Proper Use of This Medicine

Your doctor will ask you to empty your bladder completely before the solution is instilled into it.

Follow your doctor's instructions carefully about how long to hold the solution in your bladder :

  • The solution should be held in your bladder for 2 hours. If you think you cannot hold it, tell your health care professional.
  • During the first hour, your doctor may have you lie for 15 minutes each on your stomach, back, and each side.
  • When you do empty your bladder, you should be sitting down.

It is important that you drink extra fluids for several hours after each treatment with BCG so that you will pass more urine. Also, empty your bladder frequently. This will help prevent bladder problems.

BCG is a live product. In other words, it contains active bacteria that can cause infection. Some bacteria will be present for several hours in urine that you pass after each treatment with BCG. Any urine that you pass during the first 6 hours after each treatment should be disinfected with an equal amount (usually about 1 cup) of undiluted household bleach. After the bleach is added to the urine, it should be allowed to sit for 15 minutes before it is flushed. If you have any questions about this, check with your doctor.

Dosing—The dose of BCG will be different for different patients. The dose that is used may depend on a number of things. If you are receiving BCG at home, follow your doctor's orders or the directions on the label . If you have any questions about the proper dose of BCG, ask your doctor.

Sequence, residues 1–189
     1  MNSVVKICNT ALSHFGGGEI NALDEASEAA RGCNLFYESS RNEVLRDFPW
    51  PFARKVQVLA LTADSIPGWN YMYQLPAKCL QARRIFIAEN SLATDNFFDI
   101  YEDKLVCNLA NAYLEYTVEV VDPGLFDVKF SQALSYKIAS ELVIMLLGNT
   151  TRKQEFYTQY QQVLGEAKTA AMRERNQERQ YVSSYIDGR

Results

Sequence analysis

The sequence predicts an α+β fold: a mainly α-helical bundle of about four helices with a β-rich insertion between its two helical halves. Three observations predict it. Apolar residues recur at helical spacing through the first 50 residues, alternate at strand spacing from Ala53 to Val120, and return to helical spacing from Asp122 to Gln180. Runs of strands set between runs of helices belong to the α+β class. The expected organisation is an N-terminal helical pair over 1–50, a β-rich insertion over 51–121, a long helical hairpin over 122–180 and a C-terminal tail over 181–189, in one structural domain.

Precautions While Using This Medicine

While you are being treated with BCG, and for 6 to 12 weeks after you stop treatment with it, avoid contact with people who have tuberculosis. If you think you have been exposed to someone with tuberculosis, tell your doctor.

While you are being treated with BCG and for a few weeks after you stop treatment with it, do not have any immunizations (vaccinations) without your doctor's approval.

Side Effects of This Medicine

Along with its needed effects, a medicine may cause some unwanted effects. Although not all of these side effects may occur, if they do occur they may need medical attention.

Check with your doctor as soon as possible if any of the following side effects occur:

More common

Blood in urine; fever and chills; frequent urge to urinate; increased frequency of urination; joint pain; nausea and vomiting; painful urination (severe or continuing)

Rare

Cough; skin rash

Other side effects may occur that usually do not need medical attention. These side effects may go away during treatment as your body adjusts to the medicine. However, check with your doctor if any of the following side effects continue or are bothersome or if you have any questions about them:

More common

Burning during first urination after treatment

After you stop using this medicine, your body may need time to adjust. The length of time this takes depends on the amount of medicine you were using and how long you used it. During this period of time (up to 6 months after treatment with BCG) check with your doctor if you notice any of the following side effects:

Cough; fever

Other side effects not listed above may also occur in some patients. If you notice any other effects, check with your doctor.

Revised: 08/17/2000